On March 14, 2020 we drafted a letter to disseminate throughout one of our most important resources: our media canals. We released a call for donations in order to build a fund, as uncomplicated as possible, to offer artists in dire need support and relief. It turns out that we did this not one day too early. We were overwhelmed by both the incredible readiness of people in Hamlet’s vicinity and beyond to offer their help by sending money and entrusting us with delivering it to the people in need, as well as the immense response we received from exactly the people in need of this support. In retrospect, we aren’t surprised that the first person applying for money from our fund was a US-American national and resident who we’d never had contact with before. From there, applications started coming in, at times by the hour.
On March 20, 2020, the Swiss Federation announced that there was an extensive financial aid package being put together also for individuals working in the cultural sector. A syndicate consisting of a variety of organizations representing cultural workers’ interests in Switzerland, mostly musicians, was tasked with developing a process, processing the applications and paying out the “immediate relief ” [Soforthilfe] funds to artists in need. This organization, Suisseculture Sociale, of which the aforementioned Visarte is a member, went through the tedious work of developing a secure platform and fair process to handle the applications. We can only imagine what kind of extensive work was executed in such a short period of time; however, yet again, individuals working in the visual arts were confronted with a questionnaire and asked for records which are often impossible to provide, knowing the realities of visual artists. The platform was activated on April 6, 2020. For all we know, the first person we know personally who received “immediate help” had money hitting the account on May 12, 2020 after submitting an application as early as April 7th. It took more than a month and several rounds of insisting and explaining that certain documents were simply not available and a total of nearly two months after the Swiss lockdown was instated before the first person received relief. That is two months without income and, in the worst case, without money for rent, food, medical expenses, toiletries, or other basic expenses. Again, this is what was branded “immediate relief.” Dated April 16, 2020, the president of Visarte, born in 1955, sent out a letter to all members of the organization blathering about the worms in the garden of the home he owns and how artists must learn to say “no.” Often, “no” is a word one needs to be able to afford. While we too love watching the change of seasons and species in our respective gardens and would never want to take away or diminish someone’s joy over such things, the blindness for artists’ situations in less established and settled circumstances was symptomatic and, frankly, disappointing bordering on ridiculous and cynical.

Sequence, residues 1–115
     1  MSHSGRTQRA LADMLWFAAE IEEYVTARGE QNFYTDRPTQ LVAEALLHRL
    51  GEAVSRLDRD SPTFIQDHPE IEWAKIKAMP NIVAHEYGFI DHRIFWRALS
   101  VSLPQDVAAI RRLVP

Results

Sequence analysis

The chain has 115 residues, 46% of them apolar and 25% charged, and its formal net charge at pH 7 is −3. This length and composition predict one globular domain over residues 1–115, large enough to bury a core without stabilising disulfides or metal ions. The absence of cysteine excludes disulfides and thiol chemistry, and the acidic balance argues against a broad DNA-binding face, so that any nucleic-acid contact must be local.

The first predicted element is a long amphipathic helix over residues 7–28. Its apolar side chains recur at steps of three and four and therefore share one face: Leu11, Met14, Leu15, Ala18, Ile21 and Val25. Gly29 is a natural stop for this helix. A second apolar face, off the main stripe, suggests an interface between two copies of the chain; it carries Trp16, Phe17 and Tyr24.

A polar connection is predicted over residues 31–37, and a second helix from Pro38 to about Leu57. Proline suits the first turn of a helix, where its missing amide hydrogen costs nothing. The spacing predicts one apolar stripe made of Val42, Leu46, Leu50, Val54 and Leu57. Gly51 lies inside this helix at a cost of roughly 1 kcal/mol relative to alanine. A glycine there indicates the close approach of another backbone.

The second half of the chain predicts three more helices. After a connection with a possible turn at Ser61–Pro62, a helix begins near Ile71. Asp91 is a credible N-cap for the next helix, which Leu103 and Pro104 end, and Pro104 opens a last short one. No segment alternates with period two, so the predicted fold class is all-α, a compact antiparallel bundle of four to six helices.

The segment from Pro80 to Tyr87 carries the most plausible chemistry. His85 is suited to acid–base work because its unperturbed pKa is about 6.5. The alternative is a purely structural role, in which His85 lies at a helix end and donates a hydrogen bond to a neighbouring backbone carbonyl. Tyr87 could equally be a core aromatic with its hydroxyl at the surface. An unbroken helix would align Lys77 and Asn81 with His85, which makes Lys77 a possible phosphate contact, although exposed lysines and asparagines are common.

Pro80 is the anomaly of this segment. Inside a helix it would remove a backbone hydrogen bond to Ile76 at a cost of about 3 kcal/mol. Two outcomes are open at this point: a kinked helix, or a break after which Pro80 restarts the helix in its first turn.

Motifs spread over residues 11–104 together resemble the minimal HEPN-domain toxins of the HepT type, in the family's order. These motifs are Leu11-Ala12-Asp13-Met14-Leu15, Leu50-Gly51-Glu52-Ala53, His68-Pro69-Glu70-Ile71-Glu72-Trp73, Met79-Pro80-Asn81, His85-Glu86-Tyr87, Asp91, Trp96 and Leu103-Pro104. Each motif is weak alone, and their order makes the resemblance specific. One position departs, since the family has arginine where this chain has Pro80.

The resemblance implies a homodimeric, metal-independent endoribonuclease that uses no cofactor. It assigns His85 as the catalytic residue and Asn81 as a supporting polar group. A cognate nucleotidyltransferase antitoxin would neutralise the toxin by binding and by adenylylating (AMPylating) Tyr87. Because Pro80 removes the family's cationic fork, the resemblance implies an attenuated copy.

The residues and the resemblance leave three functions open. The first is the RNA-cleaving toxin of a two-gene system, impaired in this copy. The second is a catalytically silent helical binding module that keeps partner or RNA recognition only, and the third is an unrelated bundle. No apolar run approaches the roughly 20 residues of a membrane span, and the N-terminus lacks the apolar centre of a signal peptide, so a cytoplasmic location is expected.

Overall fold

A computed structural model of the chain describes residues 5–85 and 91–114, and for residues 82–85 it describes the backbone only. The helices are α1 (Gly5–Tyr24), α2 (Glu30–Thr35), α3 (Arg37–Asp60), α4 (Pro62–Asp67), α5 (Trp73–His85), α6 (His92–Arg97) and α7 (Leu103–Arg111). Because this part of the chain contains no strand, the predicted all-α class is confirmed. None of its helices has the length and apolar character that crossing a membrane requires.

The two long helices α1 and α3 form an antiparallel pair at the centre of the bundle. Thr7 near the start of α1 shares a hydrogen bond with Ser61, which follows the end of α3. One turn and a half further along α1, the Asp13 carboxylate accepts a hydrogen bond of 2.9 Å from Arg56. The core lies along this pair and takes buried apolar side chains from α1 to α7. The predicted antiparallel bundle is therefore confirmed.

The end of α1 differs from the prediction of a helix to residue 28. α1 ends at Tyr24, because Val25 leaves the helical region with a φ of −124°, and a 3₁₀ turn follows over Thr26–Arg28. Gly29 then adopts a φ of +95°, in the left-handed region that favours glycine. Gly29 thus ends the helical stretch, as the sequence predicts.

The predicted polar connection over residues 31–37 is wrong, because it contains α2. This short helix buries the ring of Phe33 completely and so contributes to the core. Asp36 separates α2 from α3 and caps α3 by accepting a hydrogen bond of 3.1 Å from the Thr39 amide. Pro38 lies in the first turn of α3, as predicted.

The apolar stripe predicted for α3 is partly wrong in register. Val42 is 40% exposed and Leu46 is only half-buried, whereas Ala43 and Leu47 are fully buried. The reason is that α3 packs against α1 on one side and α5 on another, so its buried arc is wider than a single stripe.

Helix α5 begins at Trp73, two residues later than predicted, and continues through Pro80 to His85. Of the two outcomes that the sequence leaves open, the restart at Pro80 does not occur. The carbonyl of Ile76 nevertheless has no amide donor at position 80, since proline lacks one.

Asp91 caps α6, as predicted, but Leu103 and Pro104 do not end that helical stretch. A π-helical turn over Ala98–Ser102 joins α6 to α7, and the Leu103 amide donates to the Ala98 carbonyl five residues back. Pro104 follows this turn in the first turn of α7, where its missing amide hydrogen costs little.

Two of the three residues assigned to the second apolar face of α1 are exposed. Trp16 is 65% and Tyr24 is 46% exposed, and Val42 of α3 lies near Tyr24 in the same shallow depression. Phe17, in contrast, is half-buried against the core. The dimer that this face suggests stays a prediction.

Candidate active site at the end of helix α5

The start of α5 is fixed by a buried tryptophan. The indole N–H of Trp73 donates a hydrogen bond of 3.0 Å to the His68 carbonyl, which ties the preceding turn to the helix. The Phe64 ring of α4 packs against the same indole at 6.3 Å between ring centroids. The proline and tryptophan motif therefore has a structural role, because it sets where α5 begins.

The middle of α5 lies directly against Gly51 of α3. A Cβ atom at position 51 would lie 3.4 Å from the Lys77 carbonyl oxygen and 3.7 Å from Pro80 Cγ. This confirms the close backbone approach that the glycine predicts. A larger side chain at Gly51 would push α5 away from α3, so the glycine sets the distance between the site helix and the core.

Around the time of this letter, by mid-April 2020, after raising and paying out about 15,000 Swiss Francs, we started seeing donations declining rapidly. Of course, this sum is nothing compared to the 280 million Swiss Francs made available for the cultural sector by the Swiss Federation, but we do take some pride in the fact that up until then, we sent immediate relief to 35 individuals across Europe and the Americas. We hope that we were able to put some food on the table here and there, help with the rent or, in the most extreme and rare cases, help pay for insulin or gasoline to put in the car to bring children to school.